From cave paintings to ancient manuscripts to all the 21st century options, people have created and used maps as essential tools to explain and navigate their way through the world.
With their longitudes, latitudes, and myriad lines crisscrossing miles of ground encompassing mountains, valleys, and more, maps have guided the curious traveler for thousands of years. Maps enabled the discovery of new trails and helped travelers plan their next pit stop. They are crucial tools connecting the known and unknown for many generations of explorers—including you.
With the increasing popularity of GPS devices and cellphone navigation apps, you could be forgiven for thinking that the days of old-school, hard-copy paper maps are numbered. You would, however, be mistaken. In a world where technology reigns supreme, the skill of map reading is one that every outdoors person should have in their repertoire.
In this article I highlight the 6 most important reasons why you should learn how to use a map.
- Safety First
Safety is the most obvious and practical reason. A map is a visual resource crammed with information about the area we’re exploring. The information tells us about water sources, potential campsites, viewpoints, cliffs, and more. By becoming a skilled map reader, you’ll be able to find the former and avoid the latter, even in poor visibility.
Fun fact: Around 50% of search and rescue callouts are because someone got lost. Learning to read a map will lower your risk of getting lost in the first place, will help you find your way again if it does happen, or—worst-case scenario—at the very least help you to tell rescue teams where you are should things go wrong.
- A Passport to New Adventures
While learning to read a map is certainly useful when following a marked and established trail, the skill is most beneficial when you want to satisfy your thirst for more serious adventure and take your trips off trail.
Map skills are enablers. Map reading empowers you to take your adventures in the backcountry further, allowing you to head into remote locations that you wouldn’t dream of venturing into without ample competency with your topographical (topo) maps.
- Self Confidence and Peace of Mind
Not only do maps let you find your way to new and exciting areas, learning to read a map can provide a boost to your confidence both on the trail and before leaving the house. While pre-trip butterflies are a good thing, it’s much better to head off with faith and confidence in your abilities and know that if anything goes wrong it’s not because you got lost.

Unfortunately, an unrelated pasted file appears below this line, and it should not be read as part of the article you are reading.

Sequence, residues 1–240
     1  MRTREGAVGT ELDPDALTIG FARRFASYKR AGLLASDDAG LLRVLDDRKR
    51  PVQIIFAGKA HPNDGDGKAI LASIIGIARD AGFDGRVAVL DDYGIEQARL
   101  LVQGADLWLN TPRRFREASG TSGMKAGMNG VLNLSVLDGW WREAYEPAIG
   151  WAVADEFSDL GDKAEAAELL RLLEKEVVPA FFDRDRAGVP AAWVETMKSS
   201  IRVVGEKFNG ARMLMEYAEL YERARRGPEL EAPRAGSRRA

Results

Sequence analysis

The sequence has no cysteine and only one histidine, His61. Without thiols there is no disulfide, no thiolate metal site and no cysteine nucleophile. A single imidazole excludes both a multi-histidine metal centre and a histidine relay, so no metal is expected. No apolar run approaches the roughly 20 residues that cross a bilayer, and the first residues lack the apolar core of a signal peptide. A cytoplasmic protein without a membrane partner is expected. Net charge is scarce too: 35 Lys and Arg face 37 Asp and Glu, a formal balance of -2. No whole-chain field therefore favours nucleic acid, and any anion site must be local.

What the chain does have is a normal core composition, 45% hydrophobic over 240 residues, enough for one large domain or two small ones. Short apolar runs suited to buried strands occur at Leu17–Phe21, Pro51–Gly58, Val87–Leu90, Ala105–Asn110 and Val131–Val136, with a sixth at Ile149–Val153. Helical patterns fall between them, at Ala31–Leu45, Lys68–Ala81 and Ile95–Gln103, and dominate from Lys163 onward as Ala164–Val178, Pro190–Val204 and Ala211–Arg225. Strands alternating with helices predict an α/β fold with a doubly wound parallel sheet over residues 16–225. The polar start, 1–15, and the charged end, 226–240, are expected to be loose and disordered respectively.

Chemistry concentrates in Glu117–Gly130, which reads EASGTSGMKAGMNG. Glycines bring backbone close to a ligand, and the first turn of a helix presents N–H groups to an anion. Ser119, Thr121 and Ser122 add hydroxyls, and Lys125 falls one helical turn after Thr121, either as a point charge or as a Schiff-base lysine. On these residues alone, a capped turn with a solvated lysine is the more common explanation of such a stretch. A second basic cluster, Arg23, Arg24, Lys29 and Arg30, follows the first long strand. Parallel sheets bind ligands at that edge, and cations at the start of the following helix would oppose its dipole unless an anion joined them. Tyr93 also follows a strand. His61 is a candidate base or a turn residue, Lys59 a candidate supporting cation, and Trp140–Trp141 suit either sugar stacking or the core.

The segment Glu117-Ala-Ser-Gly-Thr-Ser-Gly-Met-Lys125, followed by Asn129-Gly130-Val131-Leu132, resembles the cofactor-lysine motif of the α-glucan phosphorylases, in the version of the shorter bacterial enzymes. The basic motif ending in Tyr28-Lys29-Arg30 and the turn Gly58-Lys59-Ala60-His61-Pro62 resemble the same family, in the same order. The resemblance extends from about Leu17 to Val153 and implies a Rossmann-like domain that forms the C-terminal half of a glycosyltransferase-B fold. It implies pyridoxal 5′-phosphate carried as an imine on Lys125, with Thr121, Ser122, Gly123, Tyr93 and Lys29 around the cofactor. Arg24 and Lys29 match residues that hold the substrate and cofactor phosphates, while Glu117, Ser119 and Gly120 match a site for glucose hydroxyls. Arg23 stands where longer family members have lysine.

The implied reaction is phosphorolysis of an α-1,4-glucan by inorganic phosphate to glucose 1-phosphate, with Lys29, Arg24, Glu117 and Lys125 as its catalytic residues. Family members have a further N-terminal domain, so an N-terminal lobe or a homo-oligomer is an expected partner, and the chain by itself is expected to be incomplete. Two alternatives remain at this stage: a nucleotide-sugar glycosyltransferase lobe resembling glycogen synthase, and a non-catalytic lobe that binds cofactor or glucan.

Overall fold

Honing your navigation talents and gaining confidence in your abilities is not only good for you, but also for those riding with you and the folks back home. Your confidence will spread to your riding partners. Your spouse and family members will feel a whole lot better about you venturing into the wild knowing that you have the requisite smarts to do so.
- More Than a Backup
Sh*t happens. It’s one of the most popular sayings of our times and maybe never more applicable than when talking about trips in the backcountry. With so many variables to account for, it’s almost expected that over the duration of a few days on the trails something will go wrong. A counterpoint to that, however, is less sh*t happens if you know how to read a map.
Mechanical devices will fail and electronic ones will die. Cell phones lose their signal and batteries run low. In such circumstances, you’re on your own. Getting out of that situation will often depend on your ability to use a map, especially if you’ve headed off trail.
While GPS devices and navigation apps on cellphones are handy tools, they shouldn’t be relied upon as your only means of navigation. Instead, they should be used in combination with a detailed paper topo map and compass. After all, paper maps don’t require batteries or signal and can survive a soaking. Try that with your phone and see what happens.
- Maps Encourage Engagement with Your Surroundings
A map works in conjunction with the physical world around you, such as reading a sign or identifying the mountain on your right. This process of using your eyes and engaging your brain leaves memories and knowledge of the world around you. With GPS as a guide, nothing is learned or loved about the journey. Indeed, there’s something almost selfish about the GPS’s tiny screen displaying only the area immediately surrounding you: it’s all about you. But let your eyes wander across a map and you’ll discover a nearby lake, a beautiful view, or a convenient watering spot. Maps open the world whereas GPS narrows your mind.
- Maps Inspire
Few things can inspire curiosity and wonder like a proper topo map. A paper map gives us the bigger picture, encompassing a huge swathe of terrain packed with countless features that can leave us marveling at the sheer scale and richness of the environment. Not only are maps practical, but the visual imagery of the space is truly art.
As always for more information on trail riding, camping with livestock, and the world’s largest guide to horse trails and camps, give us a visit at www.TrailMeister.com
Robert Eversole, ”the trail meister,” owns www.TrailMeister.com, the largest database of horse riding and camping areas in the U.S. with free trail and trailhead information, trail maps, and much more to help horse enthusiasts experience the joys of trail riding. Robert is a registered riding instructor with PATH International, a mounted search and rescue team member, and a U.S. Marine who has served on the board of the Backcountry Horsemen of Washington (BCHW). He is enjoying his new career helping fellow trail riders stay found and safe on the trail. When not on the trail, The Trail Meister resides near Spokane, WA and teaches land navigation to a wide variety of outdoor groups across the nation. For North America’s largest horse trail and camping directory, trail tips, and more, visit www.TrailMeister.com.